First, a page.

# Program 2

#### Due: October 24, 2002 (midnight)

For this assignment you will write a program to compare three different algorithms for solving the activity selection problem described in Chapter 16 of the textbook. The three algorithms are exhaustive, dynamic programming, and greedy algorithm. Your program will generate activity selection problems of various sizes, measure the running time of each algorithm on the problems, and plot the running times of each algorithm as a function of the problem size. The specifics of the program follow. All code must be written by you individually and may not be copied in whole or in part from other sources.

1. First, you will implement code to randomly-generate activity selection problems of a certain size n. The start and finish times should be randomly drawn from the range [0,100] while ensuring that the start time of an activity is less than or equal to its finish time.

2. The three algorithms should take as input the set of activities defined by their start and finish times, sorted in increasing order by finish time. You can just sort the activities once and pass the sorted activities to each of the three algorithms. Each algorithm should return a maximum-sized set of mutually compatible activities. Also, you should measure the amount of time spent in each algorithm.

3. The exhaustive algorithm should examine every possible subset of activities to find the maximum-sized set. The dynamic programming algorithm is based on computing $m$i iteratively for i = 1, 2, ..., n, where $m$i is the size of the largest set of mutually compatible activities among activities {1, 2, ..., i}. The greedy algorithm should follow the pseudocode given in Chapter 16.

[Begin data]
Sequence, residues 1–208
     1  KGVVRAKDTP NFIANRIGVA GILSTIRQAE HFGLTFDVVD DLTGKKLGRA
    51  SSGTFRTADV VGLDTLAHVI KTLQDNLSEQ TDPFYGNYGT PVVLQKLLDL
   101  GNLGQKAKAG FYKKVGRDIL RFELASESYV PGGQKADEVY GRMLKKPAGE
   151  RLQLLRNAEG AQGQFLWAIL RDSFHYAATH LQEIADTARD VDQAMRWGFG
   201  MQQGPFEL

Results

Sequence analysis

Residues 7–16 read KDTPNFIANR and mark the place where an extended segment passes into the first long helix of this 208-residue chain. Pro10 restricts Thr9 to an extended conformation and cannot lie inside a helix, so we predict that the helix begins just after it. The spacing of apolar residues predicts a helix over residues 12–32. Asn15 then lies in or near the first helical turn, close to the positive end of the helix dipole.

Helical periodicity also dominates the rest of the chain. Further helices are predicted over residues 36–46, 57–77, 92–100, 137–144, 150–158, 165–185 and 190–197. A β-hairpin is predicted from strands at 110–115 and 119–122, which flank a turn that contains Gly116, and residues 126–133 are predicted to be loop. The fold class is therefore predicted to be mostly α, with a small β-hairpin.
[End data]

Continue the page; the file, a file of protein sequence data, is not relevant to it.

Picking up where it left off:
4. The main part of your program should, for each size n = 1 to 30, generate three different activity selection problems of size n, which are sorted and then input to each of the three algorithms. For each generated problem your program should output n, the sorted set of activities, and the solution and running time for each algorithm. Finally, your program should output the average time over the three runs for each algorithm and each value of n.

5. Along with your program, you should also submit a nicely-formatted plot of your results. The plot should show three curves, one for each algorithm, plotting the average running time of the algorithm on the three generated problems versus the problem size n.

6. After ensuring that your program compiles and runs correctly on the omega.uta.edu system, submit your source code and plot to me (holder@cse.uta.edu) by the above deadline. Please only send one email message; use attachments if sending multiple files. In addition to correct functionality and satisfaction of the above constraints, your submission will be graded based on good programming style and documentation.